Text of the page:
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Current issue

ELEKTRO 7/2018 was released on June 27th 2018. Its digital version will be available on July 27th 2018.

Topic: Cables, conductors and cable engineering; Tools, equipment and accessories for work with cables

Main Article
Parametrization of circuit models of Li-accumulators for electromobility
Smart Cities (part 3 – volume 1)

SVĚTLO (Light) 4/2018 was released on July 30th 2018. Its digital version will be available on August 31th 2018.

Refreshing our memory
Eccentric luminaires of René Roubíček from the years1965 till 1977
Bases of photometry – 1st part
Great personage of Czech science of times after Battle at Bílá hora: doctor, naturalist, philosopher and physicist Jan Marek Marci from Kronland

Optical radiation effects and use
The light and circadian rhythms

Photovoltaics Discovered In 1875

06.01.2015 | |

 These days we are celebrating the UN’s 2015 Year of Light. Physicist John Perlin explains an excellent archive for any person wishing to keep abreast of today’s solar revolution.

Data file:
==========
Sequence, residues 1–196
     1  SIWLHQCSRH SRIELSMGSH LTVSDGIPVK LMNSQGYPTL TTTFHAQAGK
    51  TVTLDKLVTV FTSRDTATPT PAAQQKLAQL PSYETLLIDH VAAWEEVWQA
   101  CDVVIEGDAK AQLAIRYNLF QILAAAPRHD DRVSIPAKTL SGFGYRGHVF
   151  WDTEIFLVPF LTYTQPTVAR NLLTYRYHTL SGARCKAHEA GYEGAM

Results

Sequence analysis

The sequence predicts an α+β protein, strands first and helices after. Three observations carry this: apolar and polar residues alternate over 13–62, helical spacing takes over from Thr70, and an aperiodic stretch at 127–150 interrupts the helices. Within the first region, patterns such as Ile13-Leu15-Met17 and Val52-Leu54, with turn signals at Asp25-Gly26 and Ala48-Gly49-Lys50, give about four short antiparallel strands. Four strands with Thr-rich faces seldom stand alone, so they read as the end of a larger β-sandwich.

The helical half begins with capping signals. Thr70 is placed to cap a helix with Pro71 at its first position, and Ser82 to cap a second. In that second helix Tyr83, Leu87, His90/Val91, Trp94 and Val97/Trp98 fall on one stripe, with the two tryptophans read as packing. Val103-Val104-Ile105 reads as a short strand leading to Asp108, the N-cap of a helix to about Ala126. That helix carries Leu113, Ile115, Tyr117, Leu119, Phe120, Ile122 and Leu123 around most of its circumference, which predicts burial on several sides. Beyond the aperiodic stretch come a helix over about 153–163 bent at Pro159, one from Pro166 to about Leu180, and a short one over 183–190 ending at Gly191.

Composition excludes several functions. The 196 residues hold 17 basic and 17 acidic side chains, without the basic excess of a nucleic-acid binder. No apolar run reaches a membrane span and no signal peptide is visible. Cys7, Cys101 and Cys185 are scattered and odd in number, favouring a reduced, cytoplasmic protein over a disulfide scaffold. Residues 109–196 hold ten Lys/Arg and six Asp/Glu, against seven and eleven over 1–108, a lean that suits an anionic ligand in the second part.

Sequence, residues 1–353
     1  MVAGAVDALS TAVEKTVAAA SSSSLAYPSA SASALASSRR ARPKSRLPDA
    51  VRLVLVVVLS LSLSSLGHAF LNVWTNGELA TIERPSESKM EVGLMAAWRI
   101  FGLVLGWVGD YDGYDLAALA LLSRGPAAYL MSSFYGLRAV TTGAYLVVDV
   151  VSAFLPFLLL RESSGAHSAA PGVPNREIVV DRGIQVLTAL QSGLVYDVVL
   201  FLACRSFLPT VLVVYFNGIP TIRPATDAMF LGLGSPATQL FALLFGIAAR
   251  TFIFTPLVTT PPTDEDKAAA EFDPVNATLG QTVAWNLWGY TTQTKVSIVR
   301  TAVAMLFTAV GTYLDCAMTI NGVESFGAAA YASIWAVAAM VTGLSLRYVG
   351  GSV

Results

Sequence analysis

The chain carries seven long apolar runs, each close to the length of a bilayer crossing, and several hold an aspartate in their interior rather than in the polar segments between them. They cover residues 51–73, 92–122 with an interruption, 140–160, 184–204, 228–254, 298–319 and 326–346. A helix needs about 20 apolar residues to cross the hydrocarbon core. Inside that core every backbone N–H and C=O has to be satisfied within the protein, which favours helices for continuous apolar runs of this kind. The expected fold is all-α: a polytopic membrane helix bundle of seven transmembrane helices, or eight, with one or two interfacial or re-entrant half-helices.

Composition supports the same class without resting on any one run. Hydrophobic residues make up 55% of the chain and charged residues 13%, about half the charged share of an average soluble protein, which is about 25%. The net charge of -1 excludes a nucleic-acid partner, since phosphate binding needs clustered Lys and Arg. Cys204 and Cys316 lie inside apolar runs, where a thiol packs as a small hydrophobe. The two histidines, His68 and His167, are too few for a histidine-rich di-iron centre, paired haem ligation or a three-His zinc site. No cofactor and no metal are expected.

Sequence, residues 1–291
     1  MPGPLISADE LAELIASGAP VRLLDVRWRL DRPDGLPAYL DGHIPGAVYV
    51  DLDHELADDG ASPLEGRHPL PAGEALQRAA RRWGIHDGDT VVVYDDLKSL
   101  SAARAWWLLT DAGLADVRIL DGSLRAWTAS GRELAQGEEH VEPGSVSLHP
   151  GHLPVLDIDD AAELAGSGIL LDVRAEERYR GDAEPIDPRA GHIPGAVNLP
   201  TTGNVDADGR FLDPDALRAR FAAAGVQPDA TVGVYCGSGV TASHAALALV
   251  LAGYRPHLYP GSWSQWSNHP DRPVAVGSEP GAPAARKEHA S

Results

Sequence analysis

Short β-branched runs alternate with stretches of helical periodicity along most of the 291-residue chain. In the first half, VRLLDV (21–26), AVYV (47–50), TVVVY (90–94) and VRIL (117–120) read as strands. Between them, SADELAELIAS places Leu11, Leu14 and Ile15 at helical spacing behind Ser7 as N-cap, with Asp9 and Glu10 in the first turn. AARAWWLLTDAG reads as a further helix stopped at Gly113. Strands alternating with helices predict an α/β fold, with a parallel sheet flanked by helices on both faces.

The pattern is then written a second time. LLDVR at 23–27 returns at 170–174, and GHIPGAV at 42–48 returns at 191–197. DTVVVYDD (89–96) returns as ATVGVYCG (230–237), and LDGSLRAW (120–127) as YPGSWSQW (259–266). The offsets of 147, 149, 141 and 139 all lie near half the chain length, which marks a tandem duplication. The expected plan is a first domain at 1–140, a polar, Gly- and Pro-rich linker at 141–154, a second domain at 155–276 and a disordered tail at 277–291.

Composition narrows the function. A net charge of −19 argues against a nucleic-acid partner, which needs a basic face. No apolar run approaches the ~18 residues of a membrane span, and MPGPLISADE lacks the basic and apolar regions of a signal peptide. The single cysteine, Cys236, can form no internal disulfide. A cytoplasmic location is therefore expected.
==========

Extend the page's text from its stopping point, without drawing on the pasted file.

The year: 1872. It was this discovery that stirred keen interest in two British scientists, William Grylls Adams and Richard Evans Day. Adams and Day had received from Smith the bars of selenium he had experimented with. Their goal? To delve deeper into the peculiar behavior Smith had discovered.


In one experiment, Adams and Day passed a battery-generated current through the bars. After detaching the battery from the selenium, they discovered to their astonishment that the induced current had reversed itself. To see if light would have the same effect as the battery had, the the two scientists placed candlelight close to the selenium. The flame forced the current to flow in the opposite direction as if it were a battery.


They therefore knew they had discovered something previously unknown to science – that a current could be started by the action of “light alone” in a solid-state material.The two scientists called the flow of electricity caused by light, “photoelectric.” Today, we say, “photovoltaic.” So began in 1875 the first stirrings of today’s solar revolution.

read more cleantechnica.com

Image credit John Perlin: Let It Shine

 

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